COVID-19

Dear Research Advocate, Physician and author Dr. Alison Escalante wrote in Forbes this week: “According to [a survey commissioned by Research!America], a strong majority of Americans agree that ‘the Covid-19 pandemic is a disruptive event and requires urgent refocusing of America’s commitment to science.’” Results from the survey were also featured in The Aspen Institute’s Science & Society publication released today. See the survey here . You can use the survey data to act on behalf of science right now! Visit www.VoteScienceStrong.com to engage with candidates on the strategic significance of R&D and the multi-faceted benefits of faster medical and public health progress. Use #...
Dear Research Advocate, This week we congratulate the winners of the Nobel prizes, celebrating achievements and solving problems that benefit us all. In our statement , we underscore the importance of federal taxpayer funding for basic research, making the extraordinary work of the Laureates possible. I’ve long admired the way the Nobel Foundation captures the essence of the Laureates’ contributions, exemplifying as they do the very best in persuasive writing . (For those like me who are aficionados of the power of the written word, this linked blog post provides keen insights on the rhetorical reasons why the Nobel Foundation is – and all of us can become – a model of writing that wins...
TAKE ACTION NOW! This week, the Senate is expected to pass and the President to sign a temporary “Continuing Resolution” (CR) to maintain the Fiscal Year 20 budget through December 11. Negotiations reportedly continue on an emergency spending bill to address the destructive impact of COVID-19 on individuals, small businesses, and communities across our nation. COVID-19 has also undermined U.S. priorities, including medical progress, which has been set back by the corrosive effects of the pandemic on lab productivity, clinical trials, and the education and career paths of promising young researchers. There is still time to convince Congress and the President to agree on an emergency spending...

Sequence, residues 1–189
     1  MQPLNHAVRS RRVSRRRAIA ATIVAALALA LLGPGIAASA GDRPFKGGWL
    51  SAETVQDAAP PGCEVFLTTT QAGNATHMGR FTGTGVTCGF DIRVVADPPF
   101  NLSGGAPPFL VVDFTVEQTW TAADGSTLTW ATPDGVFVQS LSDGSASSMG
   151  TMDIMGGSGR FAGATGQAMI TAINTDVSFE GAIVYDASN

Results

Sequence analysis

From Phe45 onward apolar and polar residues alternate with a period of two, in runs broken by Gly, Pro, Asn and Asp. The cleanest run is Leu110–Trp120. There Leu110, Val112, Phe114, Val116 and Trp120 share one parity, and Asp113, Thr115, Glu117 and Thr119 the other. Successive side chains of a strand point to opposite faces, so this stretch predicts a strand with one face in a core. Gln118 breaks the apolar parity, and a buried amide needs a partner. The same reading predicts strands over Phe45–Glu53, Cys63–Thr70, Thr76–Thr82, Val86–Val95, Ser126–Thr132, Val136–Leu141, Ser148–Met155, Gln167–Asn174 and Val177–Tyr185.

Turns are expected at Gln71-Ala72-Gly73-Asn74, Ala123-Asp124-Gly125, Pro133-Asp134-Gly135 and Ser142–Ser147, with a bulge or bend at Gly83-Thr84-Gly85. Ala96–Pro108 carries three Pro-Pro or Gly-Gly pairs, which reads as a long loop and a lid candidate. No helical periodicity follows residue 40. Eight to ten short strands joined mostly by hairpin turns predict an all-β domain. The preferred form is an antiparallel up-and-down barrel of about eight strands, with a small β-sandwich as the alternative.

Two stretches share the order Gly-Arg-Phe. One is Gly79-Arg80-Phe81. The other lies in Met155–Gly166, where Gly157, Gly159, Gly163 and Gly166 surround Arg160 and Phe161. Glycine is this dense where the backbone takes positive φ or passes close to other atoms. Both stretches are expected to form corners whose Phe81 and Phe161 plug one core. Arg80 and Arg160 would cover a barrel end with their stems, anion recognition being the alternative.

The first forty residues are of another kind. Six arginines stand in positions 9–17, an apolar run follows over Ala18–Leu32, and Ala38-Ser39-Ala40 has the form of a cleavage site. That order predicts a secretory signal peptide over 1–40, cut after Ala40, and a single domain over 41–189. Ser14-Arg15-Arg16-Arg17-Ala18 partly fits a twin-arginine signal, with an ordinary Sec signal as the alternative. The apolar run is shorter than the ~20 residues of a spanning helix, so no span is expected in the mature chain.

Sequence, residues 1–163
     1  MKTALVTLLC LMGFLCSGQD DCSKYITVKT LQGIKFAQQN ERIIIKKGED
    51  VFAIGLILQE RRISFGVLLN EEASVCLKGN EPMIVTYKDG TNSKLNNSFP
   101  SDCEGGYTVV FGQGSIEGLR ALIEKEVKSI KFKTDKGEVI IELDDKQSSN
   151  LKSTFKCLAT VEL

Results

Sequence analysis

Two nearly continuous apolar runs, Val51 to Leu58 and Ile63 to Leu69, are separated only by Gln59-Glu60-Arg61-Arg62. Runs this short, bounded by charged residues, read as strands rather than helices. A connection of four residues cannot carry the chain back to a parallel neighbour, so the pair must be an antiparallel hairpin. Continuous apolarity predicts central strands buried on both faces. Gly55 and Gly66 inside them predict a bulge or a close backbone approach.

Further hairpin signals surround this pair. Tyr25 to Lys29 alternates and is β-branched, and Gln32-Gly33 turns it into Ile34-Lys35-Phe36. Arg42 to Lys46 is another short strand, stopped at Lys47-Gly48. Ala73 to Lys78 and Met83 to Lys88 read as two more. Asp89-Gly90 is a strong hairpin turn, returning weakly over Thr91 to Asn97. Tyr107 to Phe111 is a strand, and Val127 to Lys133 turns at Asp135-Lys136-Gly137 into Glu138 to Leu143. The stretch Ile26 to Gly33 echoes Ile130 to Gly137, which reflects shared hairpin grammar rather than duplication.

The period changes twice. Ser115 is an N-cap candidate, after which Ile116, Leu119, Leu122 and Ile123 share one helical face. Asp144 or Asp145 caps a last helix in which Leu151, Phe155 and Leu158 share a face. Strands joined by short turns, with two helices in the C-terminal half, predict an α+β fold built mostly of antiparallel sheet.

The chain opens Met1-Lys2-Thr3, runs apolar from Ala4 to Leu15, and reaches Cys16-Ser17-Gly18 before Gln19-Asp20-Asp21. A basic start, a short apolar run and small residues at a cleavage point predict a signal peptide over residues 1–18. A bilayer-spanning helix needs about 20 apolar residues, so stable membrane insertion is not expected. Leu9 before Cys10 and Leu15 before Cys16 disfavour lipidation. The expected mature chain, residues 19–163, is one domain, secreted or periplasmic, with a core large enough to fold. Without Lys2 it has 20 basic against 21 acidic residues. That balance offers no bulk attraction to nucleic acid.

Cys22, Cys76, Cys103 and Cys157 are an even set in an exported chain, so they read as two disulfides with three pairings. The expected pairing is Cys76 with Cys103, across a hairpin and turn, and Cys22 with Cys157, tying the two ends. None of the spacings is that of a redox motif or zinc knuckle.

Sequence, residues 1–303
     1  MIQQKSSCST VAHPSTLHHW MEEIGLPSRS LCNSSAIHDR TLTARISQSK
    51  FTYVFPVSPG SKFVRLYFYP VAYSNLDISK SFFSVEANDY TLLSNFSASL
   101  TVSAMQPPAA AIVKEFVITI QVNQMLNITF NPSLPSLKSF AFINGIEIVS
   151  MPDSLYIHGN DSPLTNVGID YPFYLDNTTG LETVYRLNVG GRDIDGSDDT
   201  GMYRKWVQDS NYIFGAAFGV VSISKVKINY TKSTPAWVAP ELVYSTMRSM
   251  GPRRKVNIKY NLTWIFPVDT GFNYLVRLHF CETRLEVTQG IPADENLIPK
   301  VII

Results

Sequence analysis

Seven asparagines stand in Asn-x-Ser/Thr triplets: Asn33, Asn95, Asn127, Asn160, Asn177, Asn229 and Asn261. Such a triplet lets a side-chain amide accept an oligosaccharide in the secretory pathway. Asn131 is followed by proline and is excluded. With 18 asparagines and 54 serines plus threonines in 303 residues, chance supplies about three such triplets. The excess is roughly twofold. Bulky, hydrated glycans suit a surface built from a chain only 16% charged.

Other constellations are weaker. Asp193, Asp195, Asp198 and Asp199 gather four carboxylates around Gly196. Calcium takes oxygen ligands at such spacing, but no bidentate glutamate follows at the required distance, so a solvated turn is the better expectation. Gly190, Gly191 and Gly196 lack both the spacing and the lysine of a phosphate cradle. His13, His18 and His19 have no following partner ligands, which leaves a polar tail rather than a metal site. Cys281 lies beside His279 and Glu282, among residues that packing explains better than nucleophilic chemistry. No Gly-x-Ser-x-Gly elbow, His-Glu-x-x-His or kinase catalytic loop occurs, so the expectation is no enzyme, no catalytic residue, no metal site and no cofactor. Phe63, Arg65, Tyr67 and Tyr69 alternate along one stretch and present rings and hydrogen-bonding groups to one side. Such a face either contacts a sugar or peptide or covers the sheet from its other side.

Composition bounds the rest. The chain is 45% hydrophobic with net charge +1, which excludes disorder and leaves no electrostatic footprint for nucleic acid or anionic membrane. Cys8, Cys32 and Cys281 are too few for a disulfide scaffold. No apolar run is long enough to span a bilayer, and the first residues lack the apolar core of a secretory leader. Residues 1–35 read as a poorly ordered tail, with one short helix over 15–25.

Dear Research Advocate, Anticipation is building for the Research!America 2020 Virtual #RAForum: Straight Talk: Securing a Science-Strong Future , featuring federal officials, members of Congress from both sides of the aisle, and other leaders from across the R&D and public health ecosystem to explore the intersection of public and private sector-driven science and pandemic response, recovery, and preparedness. An important late-breaking addition to the Forum program is HHS Secretary Alex M. Azar II, who will be in conversation with journalist and Research!America board member Susan Dentzer. We are also excited to let you know ADM Brett P. Giroir, MD, the Assistant Secretary for Health...
Two earlier posts in this series explored what is a virus and what is a vaccine as well as the types of vaccines under development. As with the type of vaccine, the type of virus is as important when developing a vaccine. You might ask: Why do we need a new flu shot every year? Why isn’t there a vaccine for HIV? How do these issues translate to the new COVID-19 vaccine? Excellent questions all, that are answered by understanding the differences between viruses. Influenza, the virus which causes the flu, has a genome made of eight independent segments. The eight segments in one strain of the flu can easily mix with the segments in other strains of the flu, creating what is called a “shift”...